Passage 3: The City’s Edge
Every day, there is work on the water’s edge. A man, shadowed, walks across the pier with a hammer. Another man walks down the plank of a large freight ship, its name in large letters: Santa Monica. Another man’s shadow reflects against the red/pink hue of the ship’s bottom. We see the black and white of Santa Monica’s deck, its beams reaching high above dark water, far into the sky.
A chain pulley lifts the boat’s anchor. A man in hardhat works. A seagull flies overhead. Another man, protective gear covering his face, solders something on the peer, sparks shooting out, as the ship Santa Monica pulls out to sea.
In the harbor are working boats with other names – Dalzell and M. McAllister – highlighted against the city’s skyline. The propellers of a helicopter whirl. But the busy working harbor is only part of life along the water’s edge.
Boys play baseball in a park close by. A boy in a red shirt catches a ball; another in black and white plaid hits that same ball with a bat. We see the young batter’s back through a chain-link fence and, before we know it, we’re inside the fence, a part of the game. Older men sit together on a park bench, watching children play on a slide. These are working-class people. There is play and there is work on the water’s edge.
The Workingman’s Life
A freight train carrying stacks of lumber whistles its arrival. A pulley lowers the incoming cargo onto the dock. Hands, men’s hands, guide that cargo to its destination. A man hops onto a passing freight train and helps bring in its goods. A white sign tells us where we are. This is “The United States of America.” This is the workingman’s life – on the water’s edge.
Leo’s camera captures serious faces, men intent on work. Hardhats hammering, guide steel beams, repair New York City’s docks. We see dirty waters filled with the debris of busy industry. A worker smokes his pipe. These men; faces, weathered from working on the water.
A captain guides his barge into the shore as the Statue of Liberty’s emblematic hand reaches high, welcoming us to New York City – America. The pinnacle of freedom, she is. But, is there liberty? It’s a question Leo Hurwitz asks in many cinematic forms. Yes, these men have work. They do their work seriously; they don’t stop or lounge. Yet, do they have the same rights and benefits as others? Do they have fair pay, fair hours, for all their work on this water’s edge?
The camera pans to yellow daisies with their dark black centers, in the midst of hard labor. A daisy – bright and hopeful (its hope sometimes marred) stands tall on the water, against the Empire State Building and the New York City sky.
Passage 4: The Surrounding Shores
Food. Food is another commodity that enters the docks on the water’s edge. These men help feed us.
For now, out of the shipyard, we see a workingman’s hands packing bushels of potatoes from a large cart. Excess potatoes spill into the water mingling with an overflow of bananas, floating near the surface. A poor Black man scavenges this welcome food. There is hunger too near the water’s edge.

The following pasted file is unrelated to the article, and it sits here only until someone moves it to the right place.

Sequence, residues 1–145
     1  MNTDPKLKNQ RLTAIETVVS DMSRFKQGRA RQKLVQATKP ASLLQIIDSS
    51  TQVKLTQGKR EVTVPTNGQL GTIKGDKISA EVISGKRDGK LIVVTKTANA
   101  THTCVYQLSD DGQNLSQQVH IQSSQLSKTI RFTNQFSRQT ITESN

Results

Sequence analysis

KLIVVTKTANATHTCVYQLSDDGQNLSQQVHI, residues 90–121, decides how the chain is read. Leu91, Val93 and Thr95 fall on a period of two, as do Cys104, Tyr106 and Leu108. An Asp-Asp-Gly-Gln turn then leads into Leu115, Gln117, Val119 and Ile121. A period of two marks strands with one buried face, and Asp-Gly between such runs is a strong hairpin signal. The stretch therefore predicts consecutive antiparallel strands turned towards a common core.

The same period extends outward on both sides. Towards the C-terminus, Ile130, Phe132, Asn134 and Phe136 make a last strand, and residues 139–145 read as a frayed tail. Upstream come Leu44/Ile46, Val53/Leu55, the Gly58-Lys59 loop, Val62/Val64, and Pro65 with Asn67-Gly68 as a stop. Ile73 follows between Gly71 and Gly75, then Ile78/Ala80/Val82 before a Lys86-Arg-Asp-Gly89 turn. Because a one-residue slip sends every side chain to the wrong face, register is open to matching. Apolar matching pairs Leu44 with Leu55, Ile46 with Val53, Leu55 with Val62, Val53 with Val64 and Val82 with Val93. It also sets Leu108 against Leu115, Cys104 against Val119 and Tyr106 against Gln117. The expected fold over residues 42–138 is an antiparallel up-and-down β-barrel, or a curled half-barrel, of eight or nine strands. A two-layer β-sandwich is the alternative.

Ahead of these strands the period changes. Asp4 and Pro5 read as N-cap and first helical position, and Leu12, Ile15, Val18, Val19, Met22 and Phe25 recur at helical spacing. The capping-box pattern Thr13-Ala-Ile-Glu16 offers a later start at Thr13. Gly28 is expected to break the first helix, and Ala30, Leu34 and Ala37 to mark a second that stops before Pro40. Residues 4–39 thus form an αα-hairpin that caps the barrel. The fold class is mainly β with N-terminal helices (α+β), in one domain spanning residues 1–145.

The waves, pink-tinged, move in and out in their unchanging rhythm. White foam caps and daisies blow hard in the wind. A freight train does its work. Schwartz Chemical Company’s plant alerts us to the dangers of pollution, other kinds of spillage less innocent than food. The daisy stands strong along the water’s edge. There is hope for humankind in Leo’s films, against the dangers and loss of innocence.
We see mothers pushing prams, children and flowers, laughter and big smiles on swings that seem to fly high into the sky and back again. And, there is happy chattering: “Wait for me, wait for me.” A merry-go-round spins lonely after a little girl jumps free.
We see the city, families, and commerce. Hard labor contrasts with nature, not ravaged so far – but threatened by obliviousness to what might contaminate life. A bridge connects people with nature, with waters that bring the supplies we need to survive.
Passage 5: The Island City
The Statue of Liberty raises her torch. Smokestacks breathe smoke; water swirls. A boat rests quietly within the cattails near the water’s edge. The moon, pink-tinged, lights the sky. Waves and tides continue their rhythms, the sun sets and rises, more steady than the varied ebbs and flows of all the different parts of a major city – human, machine, and nature. And, the seagull flies free through the skies.
The city waits for its people. Will we find liberty and equality for all? That is the age-old question and it repeats in every decade and every century.
The film ends with Walt Whitman: “I am with you, you men and women of a generation, or ever so many generations hence, just as you feel when you look on the river and sky, so I felt …”
I am just one viewer like the lone flowering plant on the water’s edge in the film’s beginning. I return to the discarded bottle in Passage 1. This message is mine. Maybe it’ll resonate with you, as the tides come in and go out again:
These are the rhythms of change and these rhythms carry questions: Can we feel for each other? Can we see those who might be forgotten? Can we bring into the light people who live in the shadows, working hard by the water’s edge, or anywhere else? A day ends and a new day dawns. A daisy, in Here At The Water’s Edge stands tall and strong on the shore: reminding us of hope if we don’t forget.